In teaching Physical, Social and Health Education at BHA, our intent is that pupils will develop the knowledge, skills and attributes required for a healthy and safe life in modern Britain. There is a great deal of evidence to suggest that that well-delivered PSHE programmes have an impact on both academic and non-academic outcomes for pupils, particularly the most vulnerable and disadvantaged.
The national curriculum also states that ‘all schools should make provision for personal, social, health and economic education (PSHE), drawing on good practice'. PSHE education contributes to schools' statutory duties outlined in the Education Act 2002 and the Academies Act 2010 to provide a balanced and broadly-based curriculum and is essential to Ofsted judgements in relation to personal development, behaviour, welfare and safeguarding. The relationships and health aspects of PSHE education will be compulsory in all schools from 2020.
At Bredon Hill Academy, PSHE is taught in line with the PSHE Association recommended programme of study and includes three core themes across both KS2 and KS3:
•Health and Wellbeing
•Living in the Wider World
This Programme of Study for PSHE education identifies the key concepts, skills and attributes that are developed through PSHE education, helping to safeguard pupils, support their spiritual, moral, cultural, mental and physical development and prepare them for the opportunities, responsibilities and experiences of life.
The Programme of Study is a ‘spiral programme’ which introduces new and more challenging learning while building on what has gone before. In turn, this reflects and meets the personal developmental needs of children and young people.
At Bredon Hill Academy, we recognise that the PSHE education programme is just one part of what we can do to help a child to develop the knowledge, skills, attitudes and understanding they need to fulfil their potential. The PSHE Programme of Study is linked to other subjects’ schemes of work as well as whole school approaches to pastoral support. We aim to provide a setting where the responsible choice becomes the easy choice.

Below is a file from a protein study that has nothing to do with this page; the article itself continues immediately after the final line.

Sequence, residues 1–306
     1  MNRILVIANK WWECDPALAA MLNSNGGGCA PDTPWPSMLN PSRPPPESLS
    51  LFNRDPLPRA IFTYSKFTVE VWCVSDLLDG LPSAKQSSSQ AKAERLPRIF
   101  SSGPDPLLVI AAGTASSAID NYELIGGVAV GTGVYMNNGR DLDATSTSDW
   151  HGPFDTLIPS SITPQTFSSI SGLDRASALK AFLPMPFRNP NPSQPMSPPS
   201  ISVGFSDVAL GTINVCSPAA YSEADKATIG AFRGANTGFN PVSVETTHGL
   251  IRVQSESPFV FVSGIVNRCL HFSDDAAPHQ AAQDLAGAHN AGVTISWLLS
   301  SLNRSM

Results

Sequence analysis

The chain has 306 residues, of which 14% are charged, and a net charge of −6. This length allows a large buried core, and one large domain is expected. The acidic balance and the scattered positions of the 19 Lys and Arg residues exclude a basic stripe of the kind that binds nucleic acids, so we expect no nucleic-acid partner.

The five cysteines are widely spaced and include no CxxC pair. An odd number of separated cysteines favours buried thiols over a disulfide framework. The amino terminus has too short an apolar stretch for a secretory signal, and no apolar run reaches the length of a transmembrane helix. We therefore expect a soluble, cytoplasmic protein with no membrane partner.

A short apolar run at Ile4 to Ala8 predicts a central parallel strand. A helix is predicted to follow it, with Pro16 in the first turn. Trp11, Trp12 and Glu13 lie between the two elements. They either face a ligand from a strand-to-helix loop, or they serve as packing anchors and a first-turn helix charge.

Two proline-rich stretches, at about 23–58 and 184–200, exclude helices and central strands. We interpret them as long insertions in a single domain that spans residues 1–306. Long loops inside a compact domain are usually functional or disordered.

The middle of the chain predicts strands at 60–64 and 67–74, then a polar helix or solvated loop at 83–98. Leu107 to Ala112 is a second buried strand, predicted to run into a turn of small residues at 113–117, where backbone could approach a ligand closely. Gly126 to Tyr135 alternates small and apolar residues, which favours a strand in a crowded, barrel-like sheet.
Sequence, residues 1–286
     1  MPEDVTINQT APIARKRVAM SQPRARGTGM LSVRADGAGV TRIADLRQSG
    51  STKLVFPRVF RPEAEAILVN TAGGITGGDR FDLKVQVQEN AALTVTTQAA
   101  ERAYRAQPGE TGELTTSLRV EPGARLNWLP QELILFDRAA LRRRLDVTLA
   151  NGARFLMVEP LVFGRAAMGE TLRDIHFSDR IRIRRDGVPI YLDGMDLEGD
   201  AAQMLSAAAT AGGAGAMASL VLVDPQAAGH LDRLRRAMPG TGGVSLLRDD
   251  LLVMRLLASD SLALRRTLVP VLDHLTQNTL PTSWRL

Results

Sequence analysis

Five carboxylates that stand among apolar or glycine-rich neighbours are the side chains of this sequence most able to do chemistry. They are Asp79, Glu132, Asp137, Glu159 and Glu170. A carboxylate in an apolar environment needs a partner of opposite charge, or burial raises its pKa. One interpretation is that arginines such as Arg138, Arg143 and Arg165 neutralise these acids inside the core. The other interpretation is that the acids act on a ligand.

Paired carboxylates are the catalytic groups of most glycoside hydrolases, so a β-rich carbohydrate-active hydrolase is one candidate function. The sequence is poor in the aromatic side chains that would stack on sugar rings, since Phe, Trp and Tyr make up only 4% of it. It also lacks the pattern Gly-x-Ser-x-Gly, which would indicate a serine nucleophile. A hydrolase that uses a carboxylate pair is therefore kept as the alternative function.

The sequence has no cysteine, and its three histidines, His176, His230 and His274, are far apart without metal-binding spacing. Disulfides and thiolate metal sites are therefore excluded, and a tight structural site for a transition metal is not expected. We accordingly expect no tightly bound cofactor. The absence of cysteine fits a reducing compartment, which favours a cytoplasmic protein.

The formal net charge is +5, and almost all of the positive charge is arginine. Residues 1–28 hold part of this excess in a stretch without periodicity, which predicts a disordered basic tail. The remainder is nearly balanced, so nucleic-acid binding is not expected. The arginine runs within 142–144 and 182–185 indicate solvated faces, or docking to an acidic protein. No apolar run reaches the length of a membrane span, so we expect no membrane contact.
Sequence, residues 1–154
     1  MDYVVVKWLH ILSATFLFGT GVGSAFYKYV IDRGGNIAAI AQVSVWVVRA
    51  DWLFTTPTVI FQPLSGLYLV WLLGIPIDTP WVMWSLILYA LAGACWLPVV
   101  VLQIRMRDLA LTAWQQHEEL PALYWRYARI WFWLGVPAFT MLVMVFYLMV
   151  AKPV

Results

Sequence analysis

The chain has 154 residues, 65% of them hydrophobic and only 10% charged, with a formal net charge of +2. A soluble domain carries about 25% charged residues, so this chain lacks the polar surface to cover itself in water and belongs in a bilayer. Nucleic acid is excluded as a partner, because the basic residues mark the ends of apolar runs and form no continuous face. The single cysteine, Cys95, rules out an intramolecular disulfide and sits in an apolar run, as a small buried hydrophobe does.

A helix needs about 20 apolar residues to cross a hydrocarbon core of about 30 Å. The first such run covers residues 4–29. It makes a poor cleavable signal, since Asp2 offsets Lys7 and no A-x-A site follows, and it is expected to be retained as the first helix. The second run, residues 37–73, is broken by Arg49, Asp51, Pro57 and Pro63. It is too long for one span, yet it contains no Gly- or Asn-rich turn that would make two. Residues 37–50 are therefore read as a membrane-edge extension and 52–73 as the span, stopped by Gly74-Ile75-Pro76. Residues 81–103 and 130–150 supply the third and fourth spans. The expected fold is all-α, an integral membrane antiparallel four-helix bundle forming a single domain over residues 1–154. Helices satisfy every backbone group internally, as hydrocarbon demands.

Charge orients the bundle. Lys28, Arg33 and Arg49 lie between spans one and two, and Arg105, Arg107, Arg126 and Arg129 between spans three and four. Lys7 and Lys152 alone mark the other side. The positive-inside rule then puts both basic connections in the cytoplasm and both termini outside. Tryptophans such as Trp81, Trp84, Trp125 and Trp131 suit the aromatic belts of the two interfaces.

The Programme of Study offers flexibility for BHA to prioritise the topic areas that are most relevant to our pupils using local data (for example, Public Health England CHIMAT data sets) and our knowledge of our own pupils’ needs.
At Bredon Hill Academy, we invite families and the wider community to get involved. If you would like to help in our PSHE Programme of Study, through coming in to school to talk with groups, debate, talk about your work etc. please contact Claire Matthews, Subject Coordinator: email@example.com
KS2 study topics may include:
- how to manage transition
- how to resolve differences by looking at alternatives, seeing and respecting others’ points of view, making decisions and explaining choices
- what being part of a community means, and about the varied institutions that support communities locally and nationally
- how to recognise the role of voluntary, community and pressure groups, especially in relation to health and wellbeing
- how to appreciate the range of national, regional, religious and ethnic identities in the United Kingdom to consider the lives of people living in other places and people with different values and customs
- learning about the role money plays in their own and others’ lives, including how to manage their money and about being a critical consumer
- how to develop an initial understanding of the concepts of ‘interest’, ‘loan’, ‘debt’, and ‘tax’ (e.g. their contribution to society through the payment of VAT)